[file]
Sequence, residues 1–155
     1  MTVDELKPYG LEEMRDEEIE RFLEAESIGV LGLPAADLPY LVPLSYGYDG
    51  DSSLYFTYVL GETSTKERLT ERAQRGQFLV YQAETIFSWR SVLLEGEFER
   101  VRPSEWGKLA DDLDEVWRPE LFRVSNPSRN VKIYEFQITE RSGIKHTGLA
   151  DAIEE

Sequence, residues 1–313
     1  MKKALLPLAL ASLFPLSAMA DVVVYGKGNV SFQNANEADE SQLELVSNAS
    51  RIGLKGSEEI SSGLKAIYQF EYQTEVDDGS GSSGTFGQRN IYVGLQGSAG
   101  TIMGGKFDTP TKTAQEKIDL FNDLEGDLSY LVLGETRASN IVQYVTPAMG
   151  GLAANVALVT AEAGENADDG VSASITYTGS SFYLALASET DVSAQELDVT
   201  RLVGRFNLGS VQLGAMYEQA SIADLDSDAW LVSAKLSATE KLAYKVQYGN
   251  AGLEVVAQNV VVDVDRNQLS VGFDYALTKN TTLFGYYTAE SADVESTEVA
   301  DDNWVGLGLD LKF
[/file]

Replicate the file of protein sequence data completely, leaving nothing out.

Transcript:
Sequence, residues 1–155
     1  MTVDELKPYG LEEMRDEEIE RFLEAESIGV LGLPAADLPY LVPLSYGYDG
    51  DSSLYFTYVL GETSTKERLT ERAQRGQFLV YQAETIFSWR SVLLEGEFER
   101  VRPSEWGKLA DDLDEVWRPE LFRVSNPSRN VKIYEFQITE RSGIKHTGLA
   151  DAIEE

Sequence, residues 1–313
     1  MKKALLPLAL ASLFPLSAMA DVVVYGKGNV SFQNANEADE SQLELVSNAS
    51  RIGLKGSEEI SSGLKAIYQF EYQTEVDDGS GSSGTFGQRN IYVGLQGSAG
   101  TIMGGKFDTP TKTAQEKIDL FNDLEGDLSY LVLGETRASN IVQYVTPAMG
   151  GLAANVALVT AEAGENADDG VSASITYTGS SFYLALASET DVSAQELDVT
   201  RLVGRFNLGS VQLGAMYEQA SIADLDSDAW LVSAKLSATE KLAYKVQYGN
   251  AGLEVVAQNV VVDVDRNQLS VGFDYALTKN TTLFGYYTAE SADVESTEVA
   301  DDNWVGLGLD LKF